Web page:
A fundamental longer-term change is that large percentages of cardholders now strive to put every purchase possible on their cards for rewards value. This has changed the competitive dynamics in undeniable ways. As recently as 2009, cardholders spent less that $2 per $1 in balances over the course of the year. In 2021 they spent $4.60 per $1 in balances. Said another way: Since 2009, balances have grown by 14% while purchases have grown by almost 180%. This dynamic might be why credit union balance growth lagged the bank segment last year. A credit union-focus on balance-driven value (i.e. low rates) has been out of tune in a market where consumers borrow less but spend very aggressively.

Although overall purchase volume was up approximately 23% in 2021, few credit unions have achieved comparable results.

All of this leads to my suggestions for areas that credit unions should focus on in 2022: Staff and management skills, capturing purchases volumes, and investment in upcoming challenges.

Staff and management skills. Too often when things get distressed (ahem, the past two years), issuers discover staff members have not been properly supported and developed for such moments. Its all too easy to ignore staff development when times are good. But without a firm grounding in performance reporting, an understanding of all the levers that move in a card program, knowledge about the competitive market, and established trust with senior management, it can be difficult to feel in control even in good times. When the environment becomes challenging, the costs are particularly high. Decisions are hard to make or worse, are made badly morale suffers, programs fall behind more capable and agile competitors, teams don’t function well, and long-term performance can be damaged. Develop your organizations skills before the tough times come.

Spend time thinking about capturing purchases volumes. Credit unions have long done relatively well attracting those who use their cards to carry balances. Its fundamental to the credit union culture lower rates and fees will attract those who value such things. There’s nothing wrong with that, and a whole lot that is right. But there are large numbers of consumers who prioritize credit card spending for reward earnings. A reward programs structure (how are rewards earned and at what rate), value (what rewards are worth when redeemed), and breadth (what can cardholders get with their rewards) should be on a continuous review-and-update cycle. Benchmarking to market levels cant be delayed. Potentially new cardholders wont pick you card hoping you’ll get to where they want at some later day.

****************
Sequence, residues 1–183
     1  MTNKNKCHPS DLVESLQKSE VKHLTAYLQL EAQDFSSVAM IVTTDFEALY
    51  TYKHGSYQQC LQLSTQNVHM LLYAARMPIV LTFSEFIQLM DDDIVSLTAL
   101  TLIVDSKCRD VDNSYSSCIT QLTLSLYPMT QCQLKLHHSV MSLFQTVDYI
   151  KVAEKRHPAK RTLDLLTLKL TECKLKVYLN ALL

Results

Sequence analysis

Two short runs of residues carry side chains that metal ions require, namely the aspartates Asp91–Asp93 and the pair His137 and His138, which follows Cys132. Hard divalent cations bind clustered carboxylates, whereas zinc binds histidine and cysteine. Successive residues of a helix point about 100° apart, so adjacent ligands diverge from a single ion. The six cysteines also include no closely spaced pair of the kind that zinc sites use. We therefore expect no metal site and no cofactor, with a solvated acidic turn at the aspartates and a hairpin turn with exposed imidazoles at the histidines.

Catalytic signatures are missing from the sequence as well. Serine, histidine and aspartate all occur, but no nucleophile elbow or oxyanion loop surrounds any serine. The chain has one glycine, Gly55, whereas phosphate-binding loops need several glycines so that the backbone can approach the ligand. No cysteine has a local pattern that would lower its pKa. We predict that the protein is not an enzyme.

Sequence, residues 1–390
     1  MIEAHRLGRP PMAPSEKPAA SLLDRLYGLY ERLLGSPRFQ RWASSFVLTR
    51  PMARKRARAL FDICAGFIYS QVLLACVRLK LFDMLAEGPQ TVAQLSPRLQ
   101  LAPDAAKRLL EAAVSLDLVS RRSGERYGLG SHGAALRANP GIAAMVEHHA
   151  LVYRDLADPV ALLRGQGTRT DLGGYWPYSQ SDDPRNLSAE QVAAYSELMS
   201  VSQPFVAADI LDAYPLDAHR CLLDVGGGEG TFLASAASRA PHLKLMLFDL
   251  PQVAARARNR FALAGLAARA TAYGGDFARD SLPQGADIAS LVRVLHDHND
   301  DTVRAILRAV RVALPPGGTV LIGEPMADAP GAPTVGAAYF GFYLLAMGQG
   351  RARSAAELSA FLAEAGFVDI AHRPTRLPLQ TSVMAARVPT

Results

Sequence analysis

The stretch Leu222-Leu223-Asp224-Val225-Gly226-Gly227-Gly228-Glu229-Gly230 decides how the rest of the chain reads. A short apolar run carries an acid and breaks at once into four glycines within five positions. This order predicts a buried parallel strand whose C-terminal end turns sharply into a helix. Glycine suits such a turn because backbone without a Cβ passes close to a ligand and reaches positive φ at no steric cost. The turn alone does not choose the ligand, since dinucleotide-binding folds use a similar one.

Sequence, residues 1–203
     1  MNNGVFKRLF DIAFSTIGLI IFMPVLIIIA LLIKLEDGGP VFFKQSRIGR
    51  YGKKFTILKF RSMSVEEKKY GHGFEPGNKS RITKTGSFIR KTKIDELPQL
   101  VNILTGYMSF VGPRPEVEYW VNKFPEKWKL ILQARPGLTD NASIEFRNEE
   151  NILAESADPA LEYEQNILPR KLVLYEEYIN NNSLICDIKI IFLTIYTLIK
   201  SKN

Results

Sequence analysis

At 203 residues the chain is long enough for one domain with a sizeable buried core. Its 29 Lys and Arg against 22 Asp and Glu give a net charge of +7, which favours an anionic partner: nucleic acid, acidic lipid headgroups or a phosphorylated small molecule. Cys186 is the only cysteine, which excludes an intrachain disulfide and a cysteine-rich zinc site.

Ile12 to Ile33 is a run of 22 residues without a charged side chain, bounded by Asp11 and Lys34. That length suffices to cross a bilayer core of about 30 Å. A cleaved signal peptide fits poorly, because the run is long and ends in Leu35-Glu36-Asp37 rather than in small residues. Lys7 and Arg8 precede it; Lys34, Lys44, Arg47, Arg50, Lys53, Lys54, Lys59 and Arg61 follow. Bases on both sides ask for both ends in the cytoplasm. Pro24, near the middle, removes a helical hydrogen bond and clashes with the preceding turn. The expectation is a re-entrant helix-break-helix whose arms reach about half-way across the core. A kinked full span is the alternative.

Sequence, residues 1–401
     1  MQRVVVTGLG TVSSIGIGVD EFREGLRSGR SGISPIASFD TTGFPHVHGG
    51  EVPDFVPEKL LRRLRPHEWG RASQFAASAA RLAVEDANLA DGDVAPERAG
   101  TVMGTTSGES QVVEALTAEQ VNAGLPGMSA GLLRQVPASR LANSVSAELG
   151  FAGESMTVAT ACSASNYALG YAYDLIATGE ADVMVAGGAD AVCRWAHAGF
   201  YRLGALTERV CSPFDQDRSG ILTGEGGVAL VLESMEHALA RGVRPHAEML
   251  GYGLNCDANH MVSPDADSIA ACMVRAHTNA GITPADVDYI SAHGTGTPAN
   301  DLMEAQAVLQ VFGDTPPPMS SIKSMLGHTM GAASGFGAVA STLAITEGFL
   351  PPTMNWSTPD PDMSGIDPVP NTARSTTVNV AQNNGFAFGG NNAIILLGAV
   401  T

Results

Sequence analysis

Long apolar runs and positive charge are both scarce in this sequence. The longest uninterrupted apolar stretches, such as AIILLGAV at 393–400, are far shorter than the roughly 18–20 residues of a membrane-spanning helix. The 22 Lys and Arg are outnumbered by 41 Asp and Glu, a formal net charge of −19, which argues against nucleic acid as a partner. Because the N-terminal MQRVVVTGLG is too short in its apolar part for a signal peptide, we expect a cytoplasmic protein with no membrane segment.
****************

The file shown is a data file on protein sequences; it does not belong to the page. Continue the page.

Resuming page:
Invest for more challenging times to come. Revenue will rise with spending and prime-driven APR increases. Cost of funds will most certainly not rise as fast, so margin will expand. Credit losses remain favorable. All of this creates positive upward pressure on the bottom line, and profitability in 2022 will exceed 2021 for most. To simply bank this will lead to a worse tomorrow. Use the good times today to make the investments needed to better weather the tougher times. Too many didn’t prior to 2020-2021, and that is why credit unions were outcompeted by banks last year on both balance and purchase capture.

As is always the case, card programs don’t coast well. They slow down, get less interesting to your members, and, ultimately, decline or offer worse-than-average growth. This is why 75% of all credit unions grow at below-market rates every year. If you aren’t prepared to overcome inertia this year, its unlikely more favorable circumstances will come by later.

April 4, 2022